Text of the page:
a Masters of Fine Arts Thesis Exhibition & Performance Art Lofts Gallery 111 North Frances St. in Madison, Wi University of Wisconsin-Madison April 21-27, 2018 Performance WED. 4/25 at 7pm
Green shag carpet was in the family room of my childhood home; it represents shame.My showexplores non-linear narratives of power, sexuality and gender development in adolescence. Talking with my own daughter and son about sex and gender, and “touch” brings me back to when I was ten and struggling in girlhood. As a girl, I remember playing “dress-up” with my gender. I would become mother and become father. I would make-out with my teddy bear. Not dissimilarly, my process of art making cycles through a vocabulary of mediums and forms. I incorporate a regular, reflective writing and drawing practice in my process of working through creative impulses and social problems. Often, and in the case of the exhibition of works in Green Shag, the visual metaphors and concepts in my two-dimensional work, translate into my physical body. Simultaneously, I use my own body in performance art to advance conceptual and social concerns in an embodied practice of synesthetic response. I am a kinesthetic learner; physical improvisation in the studio is how I “write” my performance work and also how new images for paintings are developed. Body knowledge is an indispensable part of my development and practice as an artist. The domestic scene allows a simulation of broader social hierarchies. The play-led learning, language, and pedagogy of early childhood and adolescence confronts notions of empowered identity and sexuality and how gender and personhood can be nurtured or violated in contemporary life. In cases of sexual misconduct and abuse, the resulting effects of shame are noted. The images I draw from are sourced through an autoethnographic lens of my Midwestern, working class life as I ambiguously flip-flop through time periods. Images in the paintings depict a subject that could be interpreted as my present day self, my childhood self, or of my children. The people in my paintings are playing with gender and power and rebelling against securely defined roles. These images become a mashup of iconography across time, and a breaching of both public and private space. This rupturing of time and space is a strategy of purposeful maladjustment. A failure to move forward. Working on paper, the sensitivity of these issues is echoed by the material. Iconographic references include present day events such as the Larry Nassar and USA Gymnastics abuse as well as private psychological explorations of the artist’s life. Trumpets, Peeps, Easter baskets, and cherry pies have personal and cultural implications. Gold medal flour, which has been a symbol for domestic labor and women in my work since 1997, takes on an expanded sign of systemic sexual abuse. Green Shag is outdated and needs to be ripped out.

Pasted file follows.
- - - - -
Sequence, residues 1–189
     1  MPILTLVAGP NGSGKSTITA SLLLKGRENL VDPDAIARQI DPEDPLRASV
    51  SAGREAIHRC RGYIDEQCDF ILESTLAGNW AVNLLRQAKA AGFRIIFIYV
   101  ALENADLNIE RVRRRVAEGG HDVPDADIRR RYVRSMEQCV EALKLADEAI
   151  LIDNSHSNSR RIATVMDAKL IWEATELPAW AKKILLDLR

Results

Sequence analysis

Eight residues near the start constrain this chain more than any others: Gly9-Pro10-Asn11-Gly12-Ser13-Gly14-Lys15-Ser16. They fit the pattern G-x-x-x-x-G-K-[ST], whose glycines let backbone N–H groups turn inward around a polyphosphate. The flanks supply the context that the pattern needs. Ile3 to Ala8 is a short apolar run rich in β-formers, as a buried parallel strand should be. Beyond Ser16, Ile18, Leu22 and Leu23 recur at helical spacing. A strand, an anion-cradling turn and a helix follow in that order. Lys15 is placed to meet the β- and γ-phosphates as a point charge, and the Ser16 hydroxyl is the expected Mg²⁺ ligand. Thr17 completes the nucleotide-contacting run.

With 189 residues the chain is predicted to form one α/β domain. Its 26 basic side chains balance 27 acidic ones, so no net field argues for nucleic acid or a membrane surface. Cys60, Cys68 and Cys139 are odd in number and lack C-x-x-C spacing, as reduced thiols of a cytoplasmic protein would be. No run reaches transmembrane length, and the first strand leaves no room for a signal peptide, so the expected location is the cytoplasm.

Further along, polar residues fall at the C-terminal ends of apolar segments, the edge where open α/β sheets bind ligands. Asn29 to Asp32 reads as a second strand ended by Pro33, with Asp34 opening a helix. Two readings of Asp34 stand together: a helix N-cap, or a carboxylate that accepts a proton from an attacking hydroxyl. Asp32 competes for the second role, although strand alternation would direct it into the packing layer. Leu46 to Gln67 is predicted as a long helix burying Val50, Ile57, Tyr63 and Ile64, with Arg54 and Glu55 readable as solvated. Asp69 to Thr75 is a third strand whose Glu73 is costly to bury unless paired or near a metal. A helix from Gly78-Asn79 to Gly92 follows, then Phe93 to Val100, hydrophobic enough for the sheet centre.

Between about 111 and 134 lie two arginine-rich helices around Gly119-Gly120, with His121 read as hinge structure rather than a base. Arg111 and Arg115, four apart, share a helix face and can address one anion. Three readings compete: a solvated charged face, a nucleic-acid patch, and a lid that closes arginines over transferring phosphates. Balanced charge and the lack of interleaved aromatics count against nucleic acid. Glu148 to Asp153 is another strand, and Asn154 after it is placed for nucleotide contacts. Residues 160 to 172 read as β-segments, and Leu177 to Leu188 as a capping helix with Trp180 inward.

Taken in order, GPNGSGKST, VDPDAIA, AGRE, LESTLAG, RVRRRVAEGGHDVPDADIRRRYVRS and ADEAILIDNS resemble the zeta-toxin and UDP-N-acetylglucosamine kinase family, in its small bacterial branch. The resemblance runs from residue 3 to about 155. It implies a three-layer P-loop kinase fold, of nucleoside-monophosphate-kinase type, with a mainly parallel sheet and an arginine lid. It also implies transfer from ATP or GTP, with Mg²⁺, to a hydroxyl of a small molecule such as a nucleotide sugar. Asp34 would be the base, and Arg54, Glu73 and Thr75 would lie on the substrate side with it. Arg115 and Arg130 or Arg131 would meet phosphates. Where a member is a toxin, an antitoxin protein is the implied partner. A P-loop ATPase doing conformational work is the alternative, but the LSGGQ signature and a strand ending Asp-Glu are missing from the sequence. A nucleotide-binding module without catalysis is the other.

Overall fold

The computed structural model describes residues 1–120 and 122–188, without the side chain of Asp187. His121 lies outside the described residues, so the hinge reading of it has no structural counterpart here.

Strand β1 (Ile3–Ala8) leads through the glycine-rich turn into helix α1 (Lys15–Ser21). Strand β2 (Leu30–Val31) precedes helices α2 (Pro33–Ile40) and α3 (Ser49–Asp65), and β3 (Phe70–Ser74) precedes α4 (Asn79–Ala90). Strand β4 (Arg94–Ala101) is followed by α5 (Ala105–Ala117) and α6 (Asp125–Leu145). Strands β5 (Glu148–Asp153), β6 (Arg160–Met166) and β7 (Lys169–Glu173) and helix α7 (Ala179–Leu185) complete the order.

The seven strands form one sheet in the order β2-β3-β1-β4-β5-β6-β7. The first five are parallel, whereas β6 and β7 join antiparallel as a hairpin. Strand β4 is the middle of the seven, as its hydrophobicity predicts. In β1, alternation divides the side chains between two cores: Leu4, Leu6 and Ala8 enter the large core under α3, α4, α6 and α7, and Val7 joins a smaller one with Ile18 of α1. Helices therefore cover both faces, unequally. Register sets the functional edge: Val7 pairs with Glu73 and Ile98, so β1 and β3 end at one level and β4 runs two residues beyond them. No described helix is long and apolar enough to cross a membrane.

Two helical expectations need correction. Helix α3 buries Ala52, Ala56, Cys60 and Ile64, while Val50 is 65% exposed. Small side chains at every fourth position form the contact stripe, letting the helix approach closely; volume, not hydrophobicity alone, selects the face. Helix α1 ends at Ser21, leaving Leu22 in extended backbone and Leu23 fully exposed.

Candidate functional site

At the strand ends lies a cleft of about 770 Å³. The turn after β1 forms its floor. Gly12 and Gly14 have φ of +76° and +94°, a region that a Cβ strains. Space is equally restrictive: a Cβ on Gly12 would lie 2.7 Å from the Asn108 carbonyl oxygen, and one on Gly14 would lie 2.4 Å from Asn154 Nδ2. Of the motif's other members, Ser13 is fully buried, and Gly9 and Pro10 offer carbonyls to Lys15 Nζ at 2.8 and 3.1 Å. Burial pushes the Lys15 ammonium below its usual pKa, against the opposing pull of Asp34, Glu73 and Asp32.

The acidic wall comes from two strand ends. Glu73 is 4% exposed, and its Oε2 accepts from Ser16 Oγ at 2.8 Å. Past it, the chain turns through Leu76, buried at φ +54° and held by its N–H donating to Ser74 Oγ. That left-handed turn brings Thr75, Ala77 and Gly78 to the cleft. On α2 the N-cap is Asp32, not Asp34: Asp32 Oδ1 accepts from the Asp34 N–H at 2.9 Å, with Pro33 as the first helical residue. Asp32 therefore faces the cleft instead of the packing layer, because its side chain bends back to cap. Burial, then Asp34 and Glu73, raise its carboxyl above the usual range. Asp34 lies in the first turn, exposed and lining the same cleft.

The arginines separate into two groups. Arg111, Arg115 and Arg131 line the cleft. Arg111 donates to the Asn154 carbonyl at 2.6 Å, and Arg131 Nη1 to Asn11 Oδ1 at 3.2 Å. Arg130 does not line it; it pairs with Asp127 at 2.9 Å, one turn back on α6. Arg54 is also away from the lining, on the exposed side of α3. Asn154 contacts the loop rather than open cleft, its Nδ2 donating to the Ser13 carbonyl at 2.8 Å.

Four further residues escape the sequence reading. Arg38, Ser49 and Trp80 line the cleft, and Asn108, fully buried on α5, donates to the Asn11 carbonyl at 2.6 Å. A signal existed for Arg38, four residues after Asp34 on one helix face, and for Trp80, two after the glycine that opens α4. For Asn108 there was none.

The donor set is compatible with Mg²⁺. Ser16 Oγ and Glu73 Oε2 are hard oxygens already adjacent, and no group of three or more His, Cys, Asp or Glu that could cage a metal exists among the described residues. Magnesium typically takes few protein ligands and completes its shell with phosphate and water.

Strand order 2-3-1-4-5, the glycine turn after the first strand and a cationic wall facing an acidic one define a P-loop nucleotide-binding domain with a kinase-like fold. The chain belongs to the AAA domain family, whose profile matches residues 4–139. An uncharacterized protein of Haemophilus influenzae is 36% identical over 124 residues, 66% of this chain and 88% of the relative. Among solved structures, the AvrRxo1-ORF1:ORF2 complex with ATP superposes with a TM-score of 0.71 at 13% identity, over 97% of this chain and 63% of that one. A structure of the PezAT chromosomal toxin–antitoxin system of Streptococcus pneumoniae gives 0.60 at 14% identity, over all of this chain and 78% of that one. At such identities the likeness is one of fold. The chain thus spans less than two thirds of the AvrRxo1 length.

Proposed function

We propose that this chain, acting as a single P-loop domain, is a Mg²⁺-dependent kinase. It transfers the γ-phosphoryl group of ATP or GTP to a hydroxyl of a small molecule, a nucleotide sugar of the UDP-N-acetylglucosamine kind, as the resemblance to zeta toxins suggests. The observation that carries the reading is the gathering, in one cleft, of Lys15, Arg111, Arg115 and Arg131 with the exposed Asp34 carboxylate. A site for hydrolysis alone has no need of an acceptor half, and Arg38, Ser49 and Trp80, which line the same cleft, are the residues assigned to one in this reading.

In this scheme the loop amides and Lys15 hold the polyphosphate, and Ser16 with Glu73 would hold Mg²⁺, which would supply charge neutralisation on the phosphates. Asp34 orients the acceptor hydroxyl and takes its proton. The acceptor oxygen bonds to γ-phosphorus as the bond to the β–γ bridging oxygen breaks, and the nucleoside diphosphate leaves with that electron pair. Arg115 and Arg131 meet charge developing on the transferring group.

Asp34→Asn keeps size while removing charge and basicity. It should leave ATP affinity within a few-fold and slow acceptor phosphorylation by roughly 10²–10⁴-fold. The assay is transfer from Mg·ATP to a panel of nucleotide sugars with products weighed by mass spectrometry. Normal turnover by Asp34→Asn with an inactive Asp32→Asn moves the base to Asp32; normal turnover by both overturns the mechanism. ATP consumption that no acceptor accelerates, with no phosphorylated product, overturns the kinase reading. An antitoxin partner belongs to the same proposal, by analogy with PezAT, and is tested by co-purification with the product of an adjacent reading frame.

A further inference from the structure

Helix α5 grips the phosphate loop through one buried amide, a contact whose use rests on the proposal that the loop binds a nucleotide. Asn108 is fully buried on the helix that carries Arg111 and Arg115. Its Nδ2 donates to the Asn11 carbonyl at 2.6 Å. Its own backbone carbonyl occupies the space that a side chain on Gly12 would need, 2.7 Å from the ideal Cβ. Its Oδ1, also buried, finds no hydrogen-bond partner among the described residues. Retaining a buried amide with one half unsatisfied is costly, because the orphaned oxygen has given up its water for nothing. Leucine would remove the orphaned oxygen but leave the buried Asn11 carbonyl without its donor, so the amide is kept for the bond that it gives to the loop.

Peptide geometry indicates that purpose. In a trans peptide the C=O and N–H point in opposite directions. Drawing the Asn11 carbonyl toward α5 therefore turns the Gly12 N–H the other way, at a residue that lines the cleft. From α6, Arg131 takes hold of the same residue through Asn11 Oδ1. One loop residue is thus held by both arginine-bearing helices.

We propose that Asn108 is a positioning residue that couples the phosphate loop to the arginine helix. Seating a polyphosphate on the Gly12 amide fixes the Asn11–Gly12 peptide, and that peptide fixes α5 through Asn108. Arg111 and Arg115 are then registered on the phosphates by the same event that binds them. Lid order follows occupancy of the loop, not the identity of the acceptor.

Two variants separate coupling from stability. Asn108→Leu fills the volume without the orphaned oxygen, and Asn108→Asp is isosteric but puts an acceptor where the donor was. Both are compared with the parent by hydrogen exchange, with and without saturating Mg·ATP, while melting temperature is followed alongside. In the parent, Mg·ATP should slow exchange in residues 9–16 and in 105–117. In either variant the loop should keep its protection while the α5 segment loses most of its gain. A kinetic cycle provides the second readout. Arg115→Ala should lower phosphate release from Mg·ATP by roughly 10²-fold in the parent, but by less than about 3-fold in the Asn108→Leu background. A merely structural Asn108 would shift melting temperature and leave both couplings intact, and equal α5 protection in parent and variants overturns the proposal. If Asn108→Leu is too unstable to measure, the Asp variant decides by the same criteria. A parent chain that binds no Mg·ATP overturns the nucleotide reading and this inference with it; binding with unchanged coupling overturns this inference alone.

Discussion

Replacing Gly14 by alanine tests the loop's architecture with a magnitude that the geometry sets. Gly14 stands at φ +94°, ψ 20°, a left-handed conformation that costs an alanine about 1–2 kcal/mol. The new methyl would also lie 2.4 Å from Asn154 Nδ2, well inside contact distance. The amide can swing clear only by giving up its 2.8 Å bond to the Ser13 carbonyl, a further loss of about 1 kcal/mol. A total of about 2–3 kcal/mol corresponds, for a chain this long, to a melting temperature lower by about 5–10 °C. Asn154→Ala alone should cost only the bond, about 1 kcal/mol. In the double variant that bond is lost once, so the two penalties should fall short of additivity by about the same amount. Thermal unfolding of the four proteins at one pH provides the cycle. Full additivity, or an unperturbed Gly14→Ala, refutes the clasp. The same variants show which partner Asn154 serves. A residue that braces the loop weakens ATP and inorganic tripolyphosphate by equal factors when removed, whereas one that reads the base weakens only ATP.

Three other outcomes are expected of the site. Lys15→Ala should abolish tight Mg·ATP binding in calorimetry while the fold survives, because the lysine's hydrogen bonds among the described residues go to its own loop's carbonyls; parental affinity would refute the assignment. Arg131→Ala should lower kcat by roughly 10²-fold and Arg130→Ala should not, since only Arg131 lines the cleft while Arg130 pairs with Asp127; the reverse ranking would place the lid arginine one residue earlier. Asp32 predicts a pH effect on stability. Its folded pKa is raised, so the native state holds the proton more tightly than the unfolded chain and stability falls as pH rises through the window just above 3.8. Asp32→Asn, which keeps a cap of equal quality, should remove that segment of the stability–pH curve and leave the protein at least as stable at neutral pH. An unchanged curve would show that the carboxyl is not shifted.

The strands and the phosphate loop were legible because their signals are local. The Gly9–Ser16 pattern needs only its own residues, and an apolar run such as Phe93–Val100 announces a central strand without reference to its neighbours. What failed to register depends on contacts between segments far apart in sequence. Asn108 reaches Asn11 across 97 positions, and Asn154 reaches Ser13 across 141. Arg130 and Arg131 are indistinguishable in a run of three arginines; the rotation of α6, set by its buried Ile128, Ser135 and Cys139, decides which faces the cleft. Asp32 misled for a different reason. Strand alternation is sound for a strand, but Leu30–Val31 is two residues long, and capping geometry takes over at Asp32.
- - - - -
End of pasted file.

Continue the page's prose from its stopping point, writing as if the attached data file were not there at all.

Without the encouragement and generosity of my committee this work would not be possible. Special thanks to my Committee Chair, TL Solien. I have a deep respect for your artistic vision and have valued your insight and guidance. Thank you to Nancy Mladenhoff, who has been a champion of my work from the very start, providing invaluable guidance and advice since applying to the program. To Fred Stonehouse whose generous spirit and support is emblematic of the teacher I hope to be. Thank you to Faisal Abdu’Allah who has challenged me and held me to a higher standard of professionalism. I will remember you saying that “an artists’ career is a marathon, not a sprint”.
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